Cricket Ireland to offer professional contracts to women for the first time

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Press Release

The Board of Cricket Ireland has endorsed the provision of Irish cricket’s first women’s senior playing contracts, after a recommendation was accepted at its recent Board Meeting held at Ballymascanlon House Hotel on 12 December 2018.

Warren Deutrom, Chief Executive of Cricket Ireland, said:

“We are delighted to become one of a very select number of sports in Ireland to offer professional contracts to women players. It has been an ambition of ours for a number of years, and we now find ourselves in the position to push ahead with this much-needed improvement to our sport.”

“The professionalism shown by our senior women’s team during preparation, qualification and performance at the recent ICC T20 World Cup was a demonstration that this side of our sport is ready to progress and grow.”

“We have been steadily increasing our investment and support for women’s cricket over recent years. This has included the appointment of a full-time national coach, providing for loss of earnings for players throughout the summer, increasing coaching staff and coach contact hours, increasing overseas player development opportunities, provision of a dedicated Academy programme for girls, and facilitating greater access to support services such as physio and medical, strength and conditioning, psychology and nutrition education. In addition, the creation of the Toyota Super 3’s Series in 2016 has provided that vital bridge between club and international cricket.”

“Like we did with the men’s side a number of years ago, we will now bring a measured approach to player contracts. A small number of part-time contracts will be offered in early 2019, with the plan to expand this programme over subsequent years.”

“Once again, we are grateful to Sport Ireland for their support in investing in this important development for Irish women’s cricket, enabling us to move into this exciting new period in our sport.”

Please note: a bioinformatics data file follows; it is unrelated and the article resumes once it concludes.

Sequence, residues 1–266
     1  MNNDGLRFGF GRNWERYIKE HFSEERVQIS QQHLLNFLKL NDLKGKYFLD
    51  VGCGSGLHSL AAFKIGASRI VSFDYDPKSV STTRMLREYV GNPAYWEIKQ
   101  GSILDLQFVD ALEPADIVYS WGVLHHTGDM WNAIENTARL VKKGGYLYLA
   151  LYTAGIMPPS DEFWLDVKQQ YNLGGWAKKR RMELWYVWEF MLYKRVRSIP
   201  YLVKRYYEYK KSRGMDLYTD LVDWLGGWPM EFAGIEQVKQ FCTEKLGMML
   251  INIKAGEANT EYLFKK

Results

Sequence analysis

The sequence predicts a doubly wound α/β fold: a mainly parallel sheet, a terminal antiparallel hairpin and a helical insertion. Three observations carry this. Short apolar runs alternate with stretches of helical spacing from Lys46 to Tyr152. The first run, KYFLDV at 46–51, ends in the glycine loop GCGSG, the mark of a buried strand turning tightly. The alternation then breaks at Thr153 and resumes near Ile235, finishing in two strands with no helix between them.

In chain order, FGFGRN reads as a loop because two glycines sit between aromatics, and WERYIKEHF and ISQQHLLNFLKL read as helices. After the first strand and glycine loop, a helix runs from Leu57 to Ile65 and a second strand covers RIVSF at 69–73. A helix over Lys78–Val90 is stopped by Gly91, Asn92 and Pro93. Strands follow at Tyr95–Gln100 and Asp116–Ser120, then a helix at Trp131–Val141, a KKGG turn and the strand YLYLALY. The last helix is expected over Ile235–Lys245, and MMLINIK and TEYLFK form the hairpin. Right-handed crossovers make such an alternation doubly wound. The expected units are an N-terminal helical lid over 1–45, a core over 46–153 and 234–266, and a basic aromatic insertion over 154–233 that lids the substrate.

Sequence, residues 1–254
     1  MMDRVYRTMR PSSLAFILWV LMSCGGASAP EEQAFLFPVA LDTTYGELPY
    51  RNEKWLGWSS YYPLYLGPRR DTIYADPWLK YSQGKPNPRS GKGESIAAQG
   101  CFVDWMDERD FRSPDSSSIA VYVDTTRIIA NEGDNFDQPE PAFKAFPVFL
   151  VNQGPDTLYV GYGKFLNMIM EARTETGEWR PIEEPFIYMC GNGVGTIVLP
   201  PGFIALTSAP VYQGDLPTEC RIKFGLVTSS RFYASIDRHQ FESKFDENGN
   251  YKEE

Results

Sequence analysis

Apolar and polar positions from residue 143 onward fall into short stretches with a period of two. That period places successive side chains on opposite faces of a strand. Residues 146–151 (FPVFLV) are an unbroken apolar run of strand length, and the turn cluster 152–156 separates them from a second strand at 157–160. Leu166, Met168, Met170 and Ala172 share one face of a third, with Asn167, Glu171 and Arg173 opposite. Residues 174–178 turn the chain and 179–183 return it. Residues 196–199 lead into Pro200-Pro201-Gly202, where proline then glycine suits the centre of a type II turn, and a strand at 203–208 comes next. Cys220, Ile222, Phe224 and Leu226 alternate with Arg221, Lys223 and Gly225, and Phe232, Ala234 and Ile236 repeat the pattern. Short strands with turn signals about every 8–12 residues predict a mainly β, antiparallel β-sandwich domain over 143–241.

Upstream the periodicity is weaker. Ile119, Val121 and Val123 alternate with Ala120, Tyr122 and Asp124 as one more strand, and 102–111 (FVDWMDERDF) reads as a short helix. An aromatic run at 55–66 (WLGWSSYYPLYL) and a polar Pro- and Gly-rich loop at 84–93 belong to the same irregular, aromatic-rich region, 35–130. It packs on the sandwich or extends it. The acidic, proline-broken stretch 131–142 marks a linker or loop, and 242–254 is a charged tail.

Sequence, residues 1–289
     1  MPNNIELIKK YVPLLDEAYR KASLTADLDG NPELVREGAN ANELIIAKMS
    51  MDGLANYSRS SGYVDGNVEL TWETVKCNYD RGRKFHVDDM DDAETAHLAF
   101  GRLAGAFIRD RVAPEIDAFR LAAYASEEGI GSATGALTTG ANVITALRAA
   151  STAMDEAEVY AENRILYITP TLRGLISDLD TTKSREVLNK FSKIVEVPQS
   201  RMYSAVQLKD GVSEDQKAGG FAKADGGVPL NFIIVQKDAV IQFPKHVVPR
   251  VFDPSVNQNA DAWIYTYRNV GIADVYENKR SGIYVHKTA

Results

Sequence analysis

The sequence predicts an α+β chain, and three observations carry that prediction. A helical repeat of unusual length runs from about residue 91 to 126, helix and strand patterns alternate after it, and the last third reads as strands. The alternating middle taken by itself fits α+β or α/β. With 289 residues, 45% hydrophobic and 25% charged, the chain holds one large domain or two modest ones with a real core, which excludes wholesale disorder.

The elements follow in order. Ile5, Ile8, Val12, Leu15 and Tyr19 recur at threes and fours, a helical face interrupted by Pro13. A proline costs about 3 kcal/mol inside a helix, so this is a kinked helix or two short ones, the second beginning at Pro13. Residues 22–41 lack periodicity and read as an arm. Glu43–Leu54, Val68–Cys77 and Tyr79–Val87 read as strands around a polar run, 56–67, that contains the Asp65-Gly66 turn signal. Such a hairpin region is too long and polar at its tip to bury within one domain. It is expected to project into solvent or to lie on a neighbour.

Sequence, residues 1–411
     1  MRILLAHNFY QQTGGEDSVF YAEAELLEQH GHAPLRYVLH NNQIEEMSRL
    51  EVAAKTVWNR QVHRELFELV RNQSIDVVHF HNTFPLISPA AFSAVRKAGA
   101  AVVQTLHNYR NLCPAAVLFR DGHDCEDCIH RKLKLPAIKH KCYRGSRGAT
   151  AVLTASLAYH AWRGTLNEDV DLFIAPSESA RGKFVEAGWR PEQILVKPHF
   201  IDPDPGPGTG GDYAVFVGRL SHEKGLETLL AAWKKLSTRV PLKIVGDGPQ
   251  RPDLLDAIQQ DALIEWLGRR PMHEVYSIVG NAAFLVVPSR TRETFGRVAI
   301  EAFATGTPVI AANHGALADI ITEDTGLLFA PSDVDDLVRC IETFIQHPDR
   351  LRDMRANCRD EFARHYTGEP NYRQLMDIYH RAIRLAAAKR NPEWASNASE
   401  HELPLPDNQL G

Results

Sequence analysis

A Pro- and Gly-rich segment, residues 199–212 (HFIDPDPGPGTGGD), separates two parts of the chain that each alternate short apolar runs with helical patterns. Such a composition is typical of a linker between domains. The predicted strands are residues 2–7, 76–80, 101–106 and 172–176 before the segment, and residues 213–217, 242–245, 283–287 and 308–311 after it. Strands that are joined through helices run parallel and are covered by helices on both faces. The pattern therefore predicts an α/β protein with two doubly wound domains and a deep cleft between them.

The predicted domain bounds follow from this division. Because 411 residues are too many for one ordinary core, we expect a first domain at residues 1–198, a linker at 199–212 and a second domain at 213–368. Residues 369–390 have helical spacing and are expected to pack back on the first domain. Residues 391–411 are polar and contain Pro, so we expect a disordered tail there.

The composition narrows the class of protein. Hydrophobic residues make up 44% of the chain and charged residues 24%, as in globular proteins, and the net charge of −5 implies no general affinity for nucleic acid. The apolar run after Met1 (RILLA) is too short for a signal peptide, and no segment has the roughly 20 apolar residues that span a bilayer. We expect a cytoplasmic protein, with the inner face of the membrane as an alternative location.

The ICC recently announced that the next iteration of the ICC International Women’s Championship, post-2021, will expand from eight to ten teams. As Ireland is currently 10th in the world rankings, the Board realises the opportunity is within Irish cricket’s grasp to cement a place when qualification comes around.

Richard Holdsworth, Performance Director of Cricket Ireland, said:

“The International Women’s Championship is an international cricket tournament used to determine qualification for the Women's Cricket World Cup, and – like Ireland’s inclusion in the men’s Future Tours Programme – would mean that our senior women’s team will be playing some of the world’s biggest teams more regularly.”

“As was noted by many observers at the recent T20 World Cup, the standard of Irish women’s cricket has increased significantly in recent times, but so has the standard of all of the world’s top teams. We need to introduce new measures like this to remain competitive against the world’s best and to push our game forward.”

“To prepare for our potential inclusion in the Women’s Championship, it will require further investment and improvements to be made in the women’s game – and a need to call on players’ availability more regularly. When relying on players who are juggling work and study commitments, availability for international games can quite often become a challenge. We believe that offering a small number of contracts, at least initially, will begin to ensure improved playing standards and better availability of our first-choice squad members.”

The Board also wholeheartedly endorsed the funding and development of a strategy for girl’s and women’s cricket in Ireland that will look at all aspects of the game, on and off the field of play. While the announcement of initial contracts precedes the strategy’s development, it is envisioned that the strategy will provide recommended guidelines for the scope and timing of expanding the contracts process.

“With a broad brief to look at all aspects of women’s and girls’ involvement in Irish cricket – including the need to benchmark with other cricket nations/sports, and to encompass targets set by Governments and ICC – the Board agreed that the engagement of an independent, experienced consultant to develop a framework for the future of this area of our sport was essential. We will be appointing the consultant early in the new year and will begin this important project immediately afterwards,” said Mr Holdsworth.

“We are entering a new phase in women’s sport in Ireland, and cricket is no different. Around the world we see an uplift of interest, participation and standards of women’s cricket and we are gradually putting in place a system to ensure that we not only continue to compete with the top teams, but advance the sport from grass roots to international.”

Cricket Ireland also confirmed that negotiations have progressed with other Full Member nations on international women’s fixtures in Ireland in the summer of 2019. These fixtures will be announced in January 2019 and will be part of another important year for the sport, as they will precede the global qualifying tournament for the Women’s T20 World Cup in Australia in early 2020.